For I had come further up the Pacific coast to Guanacaste. Papagayo is said by some to be shaped like a fire-breathing dragon and means parrot rather than the often quoted father rooster). I loved exploring this peninsula which, along with its two prestigious hotels, has beautiful villas and developments that have become vacation homes and residences to the wealthy looking for sustainable luxury, along with all that it entails: peaceful, unspoiled nature and wildlife, beauty, excitement and ‘pura vida’.
It is very much an American conceit with its buggies the most common form of transport for visitors. The 18 hole golf course, designed by Arnold Palmer and with Ernie Els as its ambassador, has games played out on ‘paspalum’ the sumptuous carpet-like grass. Near the main entrance there’s a marina to dock 355 slips where boats for cruising, yachting and sport fishing, particularly for both the black and blue marlin.
I stayed next at Vista Hermosa, Papagayo Luxury. Bang in the middle of the peninsula, this ten-year-old condo is part of the Las Terrazas complex of 16 homes. I met with owner Jane Moore who pointed out some of her family’s wonderful artefacts.
There are vivid contemporary oil paintings from Haiti, Colombia and Dominican Republic that reflect the seafaring options of the peninsula. There’s also a Thai temple rubbing and a Namibian framed metal piece and the host’s photographs of capuchin monkeys and a red-eyed tree frog that she took herself locally.
As for the furnishing, there’s a deep blue antique mahogany sleigh bed from Haiti, a Balinese wooden panel hanging on one wall, a Moroccan lantern, antique Chinese red and black wooden side tables, Vietnamese lacquer ware and Guatemalan woven cushions. All very luxurious and stylish.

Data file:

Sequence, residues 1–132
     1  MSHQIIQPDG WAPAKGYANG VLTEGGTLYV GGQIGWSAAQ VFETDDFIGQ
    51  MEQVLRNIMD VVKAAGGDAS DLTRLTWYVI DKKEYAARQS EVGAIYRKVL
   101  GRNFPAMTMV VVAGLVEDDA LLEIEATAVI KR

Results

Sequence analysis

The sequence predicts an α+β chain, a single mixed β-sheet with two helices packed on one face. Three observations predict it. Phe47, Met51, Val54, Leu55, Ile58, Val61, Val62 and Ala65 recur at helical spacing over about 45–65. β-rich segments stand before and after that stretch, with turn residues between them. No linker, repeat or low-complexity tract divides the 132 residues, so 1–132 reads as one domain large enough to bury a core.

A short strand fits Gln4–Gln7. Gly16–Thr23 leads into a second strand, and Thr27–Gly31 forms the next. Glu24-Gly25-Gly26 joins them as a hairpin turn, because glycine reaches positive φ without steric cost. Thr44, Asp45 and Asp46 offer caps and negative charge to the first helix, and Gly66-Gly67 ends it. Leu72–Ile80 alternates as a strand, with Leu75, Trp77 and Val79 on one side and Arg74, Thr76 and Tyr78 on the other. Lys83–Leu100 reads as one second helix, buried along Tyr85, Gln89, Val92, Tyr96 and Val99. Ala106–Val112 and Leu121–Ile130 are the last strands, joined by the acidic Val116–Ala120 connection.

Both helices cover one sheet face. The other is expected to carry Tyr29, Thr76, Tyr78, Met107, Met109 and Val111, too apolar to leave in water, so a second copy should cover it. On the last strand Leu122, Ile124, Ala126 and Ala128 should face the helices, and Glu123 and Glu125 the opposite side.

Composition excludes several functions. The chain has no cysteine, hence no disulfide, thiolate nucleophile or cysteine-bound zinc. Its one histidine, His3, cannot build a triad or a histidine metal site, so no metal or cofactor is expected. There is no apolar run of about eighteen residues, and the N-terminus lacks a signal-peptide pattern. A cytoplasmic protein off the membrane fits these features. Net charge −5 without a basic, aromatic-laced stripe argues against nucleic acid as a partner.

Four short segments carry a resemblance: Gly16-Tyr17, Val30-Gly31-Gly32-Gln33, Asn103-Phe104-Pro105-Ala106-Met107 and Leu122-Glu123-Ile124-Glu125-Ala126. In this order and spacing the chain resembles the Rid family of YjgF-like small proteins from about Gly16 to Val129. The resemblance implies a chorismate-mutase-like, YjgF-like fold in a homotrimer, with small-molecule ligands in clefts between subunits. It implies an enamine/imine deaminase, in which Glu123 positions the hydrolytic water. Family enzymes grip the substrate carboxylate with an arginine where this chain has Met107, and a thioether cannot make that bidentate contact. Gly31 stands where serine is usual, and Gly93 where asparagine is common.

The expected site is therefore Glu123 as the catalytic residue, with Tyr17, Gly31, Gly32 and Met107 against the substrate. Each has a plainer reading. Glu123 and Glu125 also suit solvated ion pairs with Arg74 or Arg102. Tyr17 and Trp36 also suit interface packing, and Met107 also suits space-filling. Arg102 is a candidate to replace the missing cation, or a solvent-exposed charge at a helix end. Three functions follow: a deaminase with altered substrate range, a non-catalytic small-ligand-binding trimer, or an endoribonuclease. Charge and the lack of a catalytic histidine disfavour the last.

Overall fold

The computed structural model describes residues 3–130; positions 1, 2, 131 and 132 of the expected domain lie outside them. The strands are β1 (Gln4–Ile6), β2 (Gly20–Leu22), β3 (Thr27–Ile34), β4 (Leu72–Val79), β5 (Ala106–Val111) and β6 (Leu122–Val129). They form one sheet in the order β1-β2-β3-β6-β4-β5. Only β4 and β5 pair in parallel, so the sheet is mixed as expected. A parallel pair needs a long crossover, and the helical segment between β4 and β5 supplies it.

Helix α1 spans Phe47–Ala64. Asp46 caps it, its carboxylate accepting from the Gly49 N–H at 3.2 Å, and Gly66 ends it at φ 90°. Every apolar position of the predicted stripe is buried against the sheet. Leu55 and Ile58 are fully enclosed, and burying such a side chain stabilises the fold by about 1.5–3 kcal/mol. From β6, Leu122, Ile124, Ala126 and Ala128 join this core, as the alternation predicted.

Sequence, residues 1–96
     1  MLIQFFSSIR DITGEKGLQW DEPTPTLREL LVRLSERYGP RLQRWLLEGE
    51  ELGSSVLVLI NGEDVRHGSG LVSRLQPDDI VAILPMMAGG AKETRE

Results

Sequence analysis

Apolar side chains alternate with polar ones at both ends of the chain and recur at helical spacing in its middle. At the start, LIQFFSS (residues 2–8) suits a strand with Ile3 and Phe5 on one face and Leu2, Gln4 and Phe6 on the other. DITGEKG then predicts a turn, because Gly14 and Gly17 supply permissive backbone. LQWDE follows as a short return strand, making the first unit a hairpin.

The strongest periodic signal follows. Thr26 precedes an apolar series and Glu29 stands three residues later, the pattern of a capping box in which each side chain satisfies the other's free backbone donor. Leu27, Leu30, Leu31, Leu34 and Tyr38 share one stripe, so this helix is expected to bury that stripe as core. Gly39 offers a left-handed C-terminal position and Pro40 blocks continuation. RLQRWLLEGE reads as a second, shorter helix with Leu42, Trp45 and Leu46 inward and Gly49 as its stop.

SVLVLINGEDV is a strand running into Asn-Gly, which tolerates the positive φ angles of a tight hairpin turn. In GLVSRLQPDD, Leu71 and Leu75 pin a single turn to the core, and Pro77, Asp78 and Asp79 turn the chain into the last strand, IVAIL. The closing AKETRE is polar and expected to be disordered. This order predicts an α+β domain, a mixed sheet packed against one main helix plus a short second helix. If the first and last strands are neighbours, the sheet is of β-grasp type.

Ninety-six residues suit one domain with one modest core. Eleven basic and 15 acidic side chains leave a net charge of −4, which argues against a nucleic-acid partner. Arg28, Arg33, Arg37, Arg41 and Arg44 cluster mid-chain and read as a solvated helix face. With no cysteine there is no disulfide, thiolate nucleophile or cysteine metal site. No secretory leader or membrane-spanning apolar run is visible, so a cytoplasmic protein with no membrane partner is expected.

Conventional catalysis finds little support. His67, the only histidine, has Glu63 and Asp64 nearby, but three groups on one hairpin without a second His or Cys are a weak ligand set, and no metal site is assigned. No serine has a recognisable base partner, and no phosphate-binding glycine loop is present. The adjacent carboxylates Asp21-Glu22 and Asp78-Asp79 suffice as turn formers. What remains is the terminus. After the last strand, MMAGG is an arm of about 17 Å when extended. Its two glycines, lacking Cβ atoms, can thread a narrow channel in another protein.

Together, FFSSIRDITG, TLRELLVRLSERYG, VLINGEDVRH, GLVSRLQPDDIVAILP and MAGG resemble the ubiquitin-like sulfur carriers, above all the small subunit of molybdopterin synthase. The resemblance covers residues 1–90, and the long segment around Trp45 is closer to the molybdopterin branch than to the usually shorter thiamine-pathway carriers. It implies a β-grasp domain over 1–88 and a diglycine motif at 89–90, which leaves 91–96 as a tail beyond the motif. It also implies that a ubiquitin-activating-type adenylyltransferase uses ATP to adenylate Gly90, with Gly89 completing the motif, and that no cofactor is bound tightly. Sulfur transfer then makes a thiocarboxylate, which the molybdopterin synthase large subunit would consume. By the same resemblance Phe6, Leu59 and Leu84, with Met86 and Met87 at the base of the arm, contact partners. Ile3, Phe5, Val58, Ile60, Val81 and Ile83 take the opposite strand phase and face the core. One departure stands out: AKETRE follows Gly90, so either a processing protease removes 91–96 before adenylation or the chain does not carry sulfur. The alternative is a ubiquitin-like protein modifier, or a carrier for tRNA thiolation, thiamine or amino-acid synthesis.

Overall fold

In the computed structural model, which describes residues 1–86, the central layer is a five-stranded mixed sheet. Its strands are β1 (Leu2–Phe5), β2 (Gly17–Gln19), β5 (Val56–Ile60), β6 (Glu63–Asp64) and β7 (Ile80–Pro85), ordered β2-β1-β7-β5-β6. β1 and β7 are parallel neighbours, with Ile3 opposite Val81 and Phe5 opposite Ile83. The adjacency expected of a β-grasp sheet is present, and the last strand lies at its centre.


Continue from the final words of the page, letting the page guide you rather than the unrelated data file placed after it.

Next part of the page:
I enjoyed a wonderfully calm boat trip across the bay with Elvision Adventure Tours. I loved the stunning rock called Monkey Island, so-called after its resemblance, as my three hours circuit came to an end with me being dropped off right by my condo.
My final place to stay, the prestigious and stunning Four Seasons Resort Costa Rica. It’s very evidently the pre-eminent hotel in the region and even has its own kiosk at Liberia airport.
The New York based boutique Meyer Davis Studio has completed a recent extensive re-imagining of the resort reflecting the natural beauty of Costa Rica. I savoured the airy indoor spaces moving from the lobby to the guest rooms, restaurants and lounges.
Like an unfolding journey I discovered each space organically flowing with its ambient music into the next and creating a sense of casual luxury as well as effortless sophistication. The stunning new design plays with space, form, texture and light and weaves together natural colours and elements, local woods and indigenous art.
There are Residence Villas, Resort Residences and even Estate Homes. The Canopy Suites offer real privacy and have rooms with triangular interior roofs and rounded sofas to offset the square dimensions while the veranda railings echo the shape of the branches. The outside of the standard Guest Rooms have three-pronged buttresses that also echo the branches of the surrounding trees.
As Isadore Sharp, the Canadian founder of the Four Seasons Hotel Group, rightly says: “some of life’s fondest memories are made around the dinner table” and for the most typical guests who get to stay a week at the resort it’s wonderful that there’s a healthy choice of restaurants.
I couldn’t get enough of this delightful country. I have to go back. Whenever but soon.
The Holiday Place, an ABTA and ATOL tour operator, offers tailor-made holidays and tours to Costa Rica including flights from London and other UK airports plus accommodation and transfers from £999 per person.
Adam Jacot de Boinod was a researcher for the first BBC television series QI, hosted by Stephen Fry. He wrote The Meaning of Tingo and Other Extraordinary Words from around the World, published by Penguin Books.